Cape Town – The alarm around the scourge of gender-based violence remained the highlight and point of condemnation as SA celebrated Heritage Day on Thursday.
Throughout the week ahead of the main day, South Africans affianced themselves in celebratory activities and showcased the tapestry of the country’s multicultural diversity in regalia, dance and song.
Kgaogelo Moagi, better known as Master KG, took the centre stage in this year’s celebration as his now world-renowned song “Jerusalema” saw ordinary South Africans, workplaces and other sectors of society organising themselves into groups to dance to it.
But this did not stop heads of government from highlighting the rampant violence that continued against women and children in society, which continued even during the Covid-19 lockdown which started in March in response to the pandemic.
Delivering the main message on Thursday, President Cyril Ramaphosa stressed that South Africans could never regard themselves as free as love as the country’s women and children continued to live in fear from violence, which he said was shameful and tainting the image of the country.
“So long as women are being harassed, abused, beaten, raped and murdered, we cannot say we are a civilised society. Abusing women is not our tradition, nor is it our custom. It is not, and will never be our heritage. Throughout the history of this continent, women have built and shaped our societies. They have ruled kingdoms. They have been highly respected and valued,” he said.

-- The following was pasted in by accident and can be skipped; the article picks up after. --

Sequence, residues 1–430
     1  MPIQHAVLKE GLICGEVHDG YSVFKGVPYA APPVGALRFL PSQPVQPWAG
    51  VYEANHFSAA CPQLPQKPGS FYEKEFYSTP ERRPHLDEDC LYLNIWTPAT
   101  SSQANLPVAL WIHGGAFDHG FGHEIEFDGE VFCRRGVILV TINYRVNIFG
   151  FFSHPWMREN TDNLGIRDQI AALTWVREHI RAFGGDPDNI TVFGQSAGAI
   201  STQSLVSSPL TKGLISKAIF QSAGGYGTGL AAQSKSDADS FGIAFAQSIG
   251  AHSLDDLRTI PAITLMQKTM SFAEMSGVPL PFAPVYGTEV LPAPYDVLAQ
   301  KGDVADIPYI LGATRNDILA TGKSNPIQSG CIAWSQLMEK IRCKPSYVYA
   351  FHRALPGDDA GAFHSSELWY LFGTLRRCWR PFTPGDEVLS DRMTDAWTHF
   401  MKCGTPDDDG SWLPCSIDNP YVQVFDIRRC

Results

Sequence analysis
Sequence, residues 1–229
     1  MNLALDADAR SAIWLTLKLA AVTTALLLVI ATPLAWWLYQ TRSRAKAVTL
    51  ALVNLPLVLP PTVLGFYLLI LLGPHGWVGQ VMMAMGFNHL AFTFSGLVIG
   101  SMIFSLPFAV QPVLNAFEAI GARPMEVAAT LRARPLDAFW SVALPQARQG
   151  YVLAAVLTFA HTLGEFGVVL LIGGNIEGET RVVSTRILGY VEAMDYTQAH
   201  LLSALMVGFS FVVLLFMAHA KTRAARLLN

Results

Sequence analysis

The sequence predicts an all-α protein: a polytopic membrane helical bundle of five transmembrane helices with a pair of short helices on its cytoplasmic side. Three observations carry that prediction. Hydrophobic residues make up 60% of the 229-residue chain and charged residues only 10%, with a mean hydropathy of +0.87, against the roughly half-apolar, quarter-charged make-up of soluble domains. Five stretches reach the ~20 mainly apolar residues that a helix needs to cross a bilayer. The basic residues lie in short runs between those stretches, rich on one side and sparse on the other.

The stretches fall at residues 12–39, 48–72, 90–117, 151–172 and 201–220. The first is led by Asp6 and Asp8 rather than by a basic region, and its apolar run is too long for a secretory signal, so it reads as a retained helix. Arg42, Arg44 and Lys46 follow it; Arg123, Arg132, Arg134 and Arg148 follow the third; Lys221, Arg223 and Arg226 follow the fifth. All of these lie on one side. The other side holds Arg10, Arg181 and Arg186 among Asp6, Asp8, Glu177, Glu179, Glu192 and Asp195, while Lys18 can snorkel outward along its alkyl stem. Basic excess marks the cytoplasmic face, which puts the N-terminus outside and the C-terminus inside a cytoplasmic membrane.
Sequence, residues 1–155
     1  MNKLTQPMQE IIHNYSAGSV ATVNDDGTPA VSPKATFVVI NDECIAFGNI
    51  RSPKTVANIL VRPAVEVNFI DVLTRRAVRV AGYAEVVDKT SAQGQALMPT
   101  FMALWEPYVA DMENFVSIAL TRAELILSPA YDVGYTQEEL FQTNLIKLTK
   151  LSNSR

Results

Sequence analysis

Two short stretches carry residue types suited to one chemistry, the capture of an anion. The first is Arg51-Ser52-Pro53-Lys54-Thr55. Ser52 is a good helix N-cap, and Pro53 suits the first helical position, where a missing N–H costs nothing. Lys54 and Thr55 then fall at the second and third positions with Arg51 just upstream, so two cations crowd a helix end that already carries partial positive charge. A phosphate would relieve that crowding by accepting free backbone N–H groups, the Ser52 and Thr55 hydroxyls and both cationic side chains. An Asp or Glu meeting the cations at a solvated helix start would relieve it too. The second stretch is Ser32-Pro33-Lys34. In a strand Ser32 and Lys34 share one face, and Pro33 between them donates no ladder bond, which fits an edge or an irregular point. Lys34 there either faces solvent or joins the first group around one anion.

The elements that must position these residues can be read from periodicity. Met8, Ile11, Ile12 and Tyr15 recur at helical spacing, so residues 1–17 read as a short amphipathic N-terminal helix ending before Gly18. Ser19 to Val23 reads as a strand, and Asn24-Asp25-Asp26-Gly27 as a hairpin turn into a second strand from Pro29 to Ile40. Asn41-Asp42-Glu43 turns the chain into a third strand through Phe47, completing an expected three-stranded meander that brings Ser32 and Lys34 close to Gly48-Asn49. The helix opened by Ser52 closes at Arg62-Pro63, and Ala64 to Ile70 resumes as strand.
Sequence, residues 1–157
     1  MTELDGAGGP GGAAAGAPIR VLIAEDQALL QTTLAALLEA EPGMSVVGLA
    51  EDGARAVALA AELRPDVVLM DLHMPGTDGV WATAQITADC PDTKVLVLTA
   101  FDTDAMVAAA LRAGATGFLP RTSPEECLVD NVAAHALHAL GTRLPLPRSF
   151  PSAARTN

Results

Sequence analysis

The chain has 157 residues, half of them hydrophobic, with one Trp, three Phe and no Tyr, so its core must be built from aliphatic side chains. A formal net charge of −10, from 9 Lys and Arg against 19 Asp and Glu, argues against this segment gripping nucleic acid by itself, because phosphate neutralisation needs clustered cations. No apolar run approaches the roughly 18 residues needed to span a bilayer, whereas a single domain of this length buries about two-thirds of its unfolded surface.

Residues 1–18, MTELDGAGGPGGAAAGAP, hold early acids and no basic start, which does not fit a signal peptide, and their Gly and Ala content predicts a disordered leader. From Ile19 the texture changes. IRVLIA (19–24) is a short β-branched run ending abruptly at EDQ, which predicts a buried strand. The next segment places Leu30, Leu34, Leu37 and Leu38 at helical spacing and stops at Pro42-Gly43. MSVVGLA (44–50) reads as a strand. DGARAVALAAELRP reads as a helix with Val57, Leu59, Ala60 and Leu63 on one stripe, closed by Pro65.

With Limpopo hosting this year’s celebrations which were held virtually due to the Covid-19 pandemic, Premier Stanely Mathabatha reiterated that gender-based violence was not part of SA’s heritage.
“On the contrary, it is peac, solidarity and the spirit of common brotherhood that forms part of our collective and shared heritage. As South Africans and as Africans, we are a people whose actions are always guided by the spirit of Botho-Ubuntu,” Mathabatha said.
Arts and Culture Minister Nathi Mthethwa said the government had selected three women of substance as flag bearers of SA’s indigenous knowledge systems.
These were visual artist Esther Mahlangu, Xhosa traditional musician and instrumentalist Madosini Mpahleni and endangered San language repository Katrina Esau.
“These are women who have distinguished themselves in their chosen fields of occupation, putting SA on the map on a global stage. It is fitting on this Heritage Day that we pay tribute to them while they are still alive,” Mthethwa said.